Here’s Why Alcohol and Medications Don’t Mix

 

 

Photo - Senior Male_6-2-16

Are you drinking alcohol and taking medications within the same day or within short spans of time?  Well, if you are, you could very well be asking for health problems. According to the National Institute on Alcohol Abuse and Alcoholism (NIAAA), approximately, 71% of adults in the U.S. (about 40% of seniors ages 65 and older) drink alcohol.

Many prescribed and over-the-counter medications, and herbal remedies can be dangerous and even deadly when mixed with booze. Moreover, those medications and herbal remedies that we take to treat depression, diabetes and high blood pressure can interact with alcohol and potentially cause harmful or adverse reactions. Medications that can cause adverse interactions with alcohol include:

  • Acetaminophen – found in various brand and over-the-counter medications
  • Aspirin
  • Allergy and cold medicine
  • Cough syrup
  • Depression or anxiety medicine
  • Pain medication

The combination of alcohol and medication can also cause health problems for seniors including:

  • Dizziness
  • Headaches
  • Fainting
  • Nausea and vomiting
  • Coordination issues

More severe effects of the alcohol and medication combinations include:

  • Internal bleeding
  • Heart problems
  • Breathing problems

Mixing alcohol and medications may cause the medicine to be less effective or to not work at all. And, even small amounts of alcohol can make it dangerous for you to operate machinery and/or to drive. So, when you mix alcohol with certain medications, you’re asking for trouble, putting yourself and others in jeopardy. For older people, there’s a very high risk of harmful interactions because aging slows down an older person’s ability to break down (digest) the alcohol. As a result, the alcohol hangs around in the body a lot longer.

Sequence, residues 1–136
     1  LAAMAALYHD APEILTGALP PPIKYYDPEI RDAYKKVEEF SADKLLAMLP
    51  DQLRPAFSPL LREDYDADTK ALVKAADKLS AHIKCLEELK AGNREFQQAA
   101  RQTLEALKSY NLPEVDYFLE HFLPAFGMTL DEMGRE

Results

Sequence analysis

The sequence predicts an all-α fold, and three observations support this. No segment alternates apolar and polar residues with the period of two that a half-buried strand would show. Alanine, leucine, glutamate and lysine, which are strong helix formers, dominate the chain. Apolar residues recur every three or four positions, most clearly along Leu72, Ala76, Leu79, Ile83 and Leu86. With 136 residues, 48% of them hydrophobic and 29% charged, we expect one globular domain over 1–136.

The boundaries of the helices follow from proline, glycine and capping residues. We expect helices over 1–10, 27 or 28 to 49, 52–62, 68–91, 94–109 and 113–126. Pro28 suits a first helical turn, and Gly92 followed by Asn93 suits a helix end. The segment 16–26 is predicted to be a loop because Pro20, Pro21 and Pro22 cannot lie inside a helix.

The effects on women can be worse. Women at any age generally have a higher risk of alcohol-medication interactions. Alcohol remains in women’s bodies longer because their bodies generally have less water than men’s bodies. With that being the case, alcohol tends to be more concentrated in a woman’s body as opposed to a man’s. Therefore, women are more vulnerable to alcohol-related damage of vital body organs such as the liver.

When taken properly, medications are usually safe and effective. However, it usually isn’t safe to mix alcohol and medications. It’s important to discuss with your pharmacist or healthcare provider about which medications could have harmful, if not deadly interactions when mixed with alcohol.

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